Does Topaz Gigapixel AI Work?

Early 1950s family photo.

I have acquired some small, old family prints that I would generally describe as “fuzzy”. They are not clean and sharp. Making small fuzzy photos bigger does not make them better, it makes them worse. As I was explaining to an inexperienced photographer, making a high resolution copy of a blurry photo does not make it better. It just means you can turn a small blurry photo into a much bigger and therefore much blurrier photo.

That is where Topaz Gigapixel AI software comes into the picture. It claims to make digital files of small fuzzy photos into cleaner, bigger files. You can download the software and use it for free to check it out. When Topaz does it’s thing, you get a bigger and hopefully better image file with a Topaz watermark on it.  If you like the results you can buy the software and it no longer puts a watermark on your images.  You have nothing to lose but a little time when you try out the software on your images.

Example 1

Topaz Software and an old family photo. Click the image to see a bigger version.

The original image of my mother, my brother, and I is in the upper right corner of the software, and at the top of this article. The software allows you to choose the area of the image you want to magnify, and the degree of magnification. I chose to magnify the part of the image with our  faces. I set up the software with a split screen so the original image is on the left and the corrected image is on the right.  On the right side are a variety of parameters you can try to get the desired result you want. After a lot of experimenting I chose the Very Compressed option and set the Face Recovery Strength to 62. You can see the change to the original image on the right.  This is a much cleaner image. Look at the difference in the eyes and my mother’s hair. The corrected image is also much bigger.  The original image is 800×783 pixels. At 300 pixels per inch that is a print smaller than 3×3 inches. The output image is 3200×3132 pixels which is a print about 10 1/2 by 10 1/2 inches. The input and output size in pixels is at bottom center of this screen capture.  The bottom line? Topaz gave me a bigger, better image.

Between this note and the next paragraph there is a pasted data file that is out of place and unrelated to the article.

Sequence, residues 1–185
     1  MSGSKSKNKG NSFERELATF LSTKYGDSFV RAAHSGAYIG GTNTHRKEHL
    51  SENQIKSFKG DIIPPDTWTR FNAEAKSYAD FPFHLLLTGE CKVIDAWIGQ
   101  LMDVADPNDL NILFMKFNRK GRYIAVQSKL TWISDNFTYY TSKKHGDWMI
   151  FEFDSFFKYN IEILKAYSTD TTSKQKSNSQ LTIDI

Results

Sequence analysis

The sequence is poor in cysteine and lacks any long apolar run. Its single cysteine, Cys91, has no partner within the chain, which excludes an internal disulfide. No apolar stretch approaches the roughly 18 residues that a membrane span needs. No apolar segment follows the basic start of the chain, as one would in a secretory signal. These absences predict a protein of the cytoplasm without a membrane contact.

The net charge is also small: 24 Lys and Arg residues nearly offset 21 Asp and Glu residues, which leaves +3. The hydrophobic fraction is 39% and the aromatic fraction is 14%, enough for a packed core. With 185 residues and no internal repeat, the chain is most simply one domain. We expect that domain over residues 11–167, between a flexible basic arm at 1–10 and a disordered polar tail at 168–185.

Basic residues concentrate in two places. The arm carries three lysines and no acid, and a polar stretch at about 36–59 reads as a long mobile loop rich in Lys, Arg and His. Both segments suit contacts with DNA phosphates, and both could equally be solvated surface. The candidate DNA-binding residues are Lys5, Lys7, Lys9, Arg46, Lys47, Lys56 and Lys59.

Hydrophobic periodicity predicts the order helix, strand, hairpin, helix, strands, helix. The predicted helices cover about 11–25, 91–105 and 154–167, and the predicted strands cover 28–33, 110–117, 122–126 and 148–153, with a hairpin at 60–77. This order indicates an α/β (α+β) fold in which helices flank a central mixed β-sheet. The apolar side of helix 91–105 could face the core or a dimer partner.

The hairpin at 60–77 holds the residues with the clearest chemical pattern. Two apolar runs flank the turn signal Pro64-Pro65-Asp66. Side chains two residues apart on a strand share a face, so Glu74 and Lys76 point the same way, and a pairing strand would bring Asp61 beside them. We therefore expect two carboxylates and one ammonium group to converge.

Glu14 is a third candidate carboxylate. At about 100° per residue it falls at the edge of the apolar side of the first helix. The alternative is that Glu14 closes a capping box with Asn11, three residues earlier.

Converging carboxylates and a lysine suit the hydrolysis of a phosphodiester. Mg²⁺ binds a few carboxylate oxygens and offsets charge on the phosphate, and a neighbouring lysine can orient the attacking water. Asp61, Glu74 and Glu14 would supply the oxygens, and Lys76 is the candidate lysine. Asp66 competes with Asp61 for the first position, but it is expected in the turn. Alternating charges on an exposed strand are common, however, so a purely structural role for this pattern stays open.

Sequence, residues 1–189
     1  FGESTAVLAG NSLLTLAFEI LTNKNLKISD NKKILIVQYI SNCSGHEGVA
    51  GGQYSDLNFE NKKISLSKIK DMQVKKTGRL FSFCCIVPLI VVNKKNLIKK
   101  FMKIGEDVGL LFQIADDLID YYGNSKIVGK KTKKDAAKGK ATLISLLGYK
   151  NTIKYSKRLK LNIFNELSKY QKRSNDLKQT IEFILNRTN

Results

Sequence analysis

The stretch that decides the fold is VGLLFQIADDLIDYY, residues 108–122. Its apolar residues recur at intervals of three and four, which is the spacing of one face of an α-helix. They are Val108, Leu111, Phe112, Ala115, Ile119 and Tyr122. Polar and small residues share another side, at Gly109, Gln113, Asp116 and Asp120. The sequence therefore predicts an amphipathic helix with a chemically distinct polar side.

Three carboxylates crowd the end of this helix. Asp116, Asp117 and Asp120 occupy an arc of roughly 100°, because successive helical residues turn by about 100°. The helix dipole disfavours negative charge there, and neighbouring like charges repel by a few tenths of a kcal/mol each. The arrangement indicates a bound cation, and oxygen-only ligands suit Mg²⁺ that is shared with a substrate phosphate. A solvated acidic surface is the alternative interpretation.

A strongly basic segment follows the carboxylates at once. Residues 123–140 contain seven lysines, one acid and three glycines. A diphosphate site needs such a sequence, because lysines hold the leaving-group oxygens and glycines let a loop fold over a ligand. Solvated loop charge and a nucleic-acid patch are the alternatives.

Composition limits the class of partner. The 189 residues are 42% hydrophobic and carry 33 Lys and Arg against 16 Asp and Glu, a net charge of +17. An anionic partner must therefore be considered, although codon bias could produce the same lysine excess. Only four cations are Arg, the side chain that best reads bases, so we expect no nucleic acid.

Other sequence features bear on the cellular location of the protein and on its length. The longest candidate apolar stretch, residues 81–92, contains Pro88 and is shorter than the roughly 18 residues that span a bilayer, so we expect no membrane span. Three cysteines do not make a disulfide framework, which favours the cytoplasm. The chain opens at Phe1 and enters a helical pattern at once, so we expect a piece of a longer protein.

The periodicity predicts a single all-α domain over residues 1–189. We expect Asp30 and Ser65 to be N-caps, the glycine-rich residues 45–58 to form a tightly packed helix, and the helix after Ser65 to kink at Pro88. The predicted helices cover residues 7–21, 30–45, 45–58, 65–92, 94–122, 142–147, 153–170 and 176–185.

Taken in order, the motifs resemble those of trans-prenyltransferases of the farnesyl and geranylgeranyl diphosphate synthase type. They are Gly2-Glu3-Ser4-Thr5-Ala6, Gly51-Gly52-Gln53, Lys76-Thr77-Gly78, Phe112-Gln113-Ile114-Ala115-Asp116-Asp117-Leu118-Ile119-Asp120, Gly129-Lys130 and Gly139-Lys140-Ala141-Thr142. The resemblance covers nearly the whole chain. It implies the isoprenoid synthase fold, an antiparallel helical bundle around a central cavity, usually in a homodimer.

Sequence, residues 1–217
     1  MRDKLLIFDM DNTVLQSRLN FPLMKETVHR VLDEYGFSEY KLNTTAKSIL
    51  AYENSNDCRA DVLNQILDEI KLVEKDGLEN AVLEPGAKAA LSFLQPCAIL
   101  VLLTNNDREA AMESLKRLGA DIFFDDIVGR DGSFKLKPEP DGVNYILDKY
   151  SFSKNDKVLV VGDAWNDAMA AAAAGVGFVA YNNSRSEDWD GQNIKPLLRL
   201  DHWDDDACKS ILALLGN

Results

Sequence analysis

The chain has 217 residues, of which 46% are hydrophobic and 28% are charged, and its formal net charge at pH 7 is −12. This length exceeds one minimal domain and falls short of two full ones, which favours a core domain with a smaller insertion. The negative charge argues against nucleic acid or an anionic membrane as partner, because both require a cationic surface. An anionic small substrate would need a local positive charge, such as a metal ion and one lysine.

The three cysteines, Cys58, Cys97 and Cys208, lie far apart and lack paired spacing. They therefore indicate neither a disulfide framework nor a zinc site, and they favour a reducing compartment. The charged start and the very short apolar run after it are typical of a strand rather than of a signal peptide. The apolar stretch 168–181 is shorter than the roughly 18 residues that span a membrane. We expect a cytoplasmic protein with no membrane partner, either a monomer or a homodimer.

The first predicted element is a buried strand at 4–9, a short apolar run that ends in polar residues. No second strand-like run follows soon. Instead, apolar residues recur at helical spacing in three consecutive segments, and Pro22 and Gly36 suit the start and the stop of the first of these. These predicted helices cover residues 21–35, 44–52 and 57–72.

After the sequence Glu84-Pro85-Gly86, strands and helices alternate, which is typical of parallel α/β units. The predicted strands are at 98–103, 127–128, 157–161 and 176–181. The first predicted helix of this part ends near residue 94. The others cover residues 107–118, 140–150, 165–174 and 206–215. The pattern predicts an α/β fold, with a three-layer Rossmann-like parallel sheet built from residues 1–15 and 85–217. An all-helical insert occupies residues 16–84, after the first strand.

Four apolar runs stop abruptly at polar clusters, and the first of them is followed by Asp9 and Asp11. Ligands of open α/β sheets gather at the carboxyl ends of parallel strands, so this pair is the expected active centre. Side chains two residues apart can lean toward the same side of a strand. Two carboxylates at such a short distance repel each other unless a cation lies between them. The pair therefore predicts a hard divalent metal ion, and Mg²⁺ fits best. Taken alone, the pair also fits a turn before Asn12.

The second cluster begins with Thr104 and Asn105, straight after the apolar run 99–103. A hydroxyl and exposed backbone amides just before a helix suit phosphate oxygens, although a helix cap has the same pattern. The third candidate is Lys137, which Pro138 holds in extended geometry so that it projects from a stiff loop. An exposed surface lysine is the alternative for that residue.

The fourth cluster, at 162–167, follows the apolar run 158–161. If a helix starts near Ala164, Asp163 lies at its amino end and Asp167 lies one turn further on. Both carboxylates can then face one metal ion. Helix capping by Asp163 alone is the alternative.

Example 2

Topaz Software and an old family photo. Click the image to see a bigger version.

This is a 1927 image of one of my grandfathers. This is another old image in my “fuzzy” category. The best Face Recovery Strength was 24, much less than example 1. Any stronger setting and the creases in his forehead looked exaggerated and his skin started to look plastic. You need to experiment with the settings if you want good results, just like any other software. The Topaz software did a nice job of improving the image. It also gave me a bigger image. The original image prints out at less than 4×5 inches and the “after” image prints out at bigger than 13×17 inches.

I am impressed with Topaz software. On most of the images I tested it on, it improved the image. There were a couple of images with distorted, wavy faces (like something went wrong in the chemical development process) and the Topaz software made the facial distortions worse. Topaz can’t fix every image. It isn’t magic. The results aren’t always perfect. But it does a good job with most of the images I have tested.

I have also tested Topaz Sharpen AI and I am very impressed with it too. Once again, you need to experiment with the settings to get really good results.  A link is below.

It is certainly worth your time to try out this software for free and see if it works for you.


Testing Topaz Gigapixel AI on a 1960s Family Photo

Free trial links:

Topaz Gigapixel AI

Topaz Sharpen AI